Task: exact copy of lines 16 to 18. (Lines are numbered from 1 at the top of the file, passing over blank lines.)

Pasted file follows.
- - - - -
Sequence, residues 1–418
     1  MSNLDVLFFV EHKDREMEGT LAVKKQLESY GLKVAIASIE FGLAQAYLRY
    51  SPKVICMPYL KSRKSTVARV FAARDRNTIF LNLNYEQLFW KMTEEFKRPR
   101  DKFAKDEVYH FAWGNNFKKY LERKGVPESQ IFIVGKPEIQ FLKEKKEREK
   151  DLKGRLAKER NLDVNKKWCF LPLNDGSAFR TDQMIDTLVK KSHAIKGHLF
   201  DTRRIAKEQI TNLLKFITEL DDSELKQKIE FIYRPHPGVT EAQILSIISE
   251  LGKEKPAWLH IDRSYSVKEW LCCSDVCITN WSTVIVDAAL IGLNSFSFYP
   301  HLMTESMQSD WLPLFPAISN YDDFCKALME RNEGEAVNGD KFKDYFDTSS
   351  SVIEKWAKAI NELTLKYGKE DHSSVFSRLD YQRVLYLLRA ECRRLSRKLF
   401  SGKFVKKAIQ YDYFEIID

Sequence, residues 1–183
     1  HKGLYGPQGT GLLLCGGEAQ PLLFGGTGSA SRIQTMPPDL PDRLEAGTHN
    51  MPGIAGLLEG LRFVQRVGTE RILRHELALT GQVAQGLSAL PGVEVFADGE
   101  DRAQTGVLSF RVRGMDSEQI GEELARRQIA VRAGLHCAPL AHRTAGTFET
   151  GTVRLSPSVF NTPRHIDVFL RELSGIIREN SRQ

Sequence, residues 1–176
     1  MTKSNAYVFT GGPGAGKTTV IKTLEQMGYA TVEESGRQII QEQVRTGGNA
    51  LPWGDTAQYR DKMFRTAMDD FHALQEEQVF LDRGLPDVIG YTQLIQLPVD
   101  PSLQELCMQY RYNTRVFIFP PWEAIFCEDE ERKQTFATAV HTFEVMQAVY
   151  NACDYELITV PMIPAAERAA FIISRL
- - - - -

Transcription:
Sequence, residues 1–176
     1  MTKSNAYVFT GGPGAGKTTV IKTLEQMGYA TVEESGRQII QEQVRTGGNA
    51  LPWGDTAQYR DKMFRTAMDD FHALQEEQVF LDRGLPDVIG YTQLIQLPVD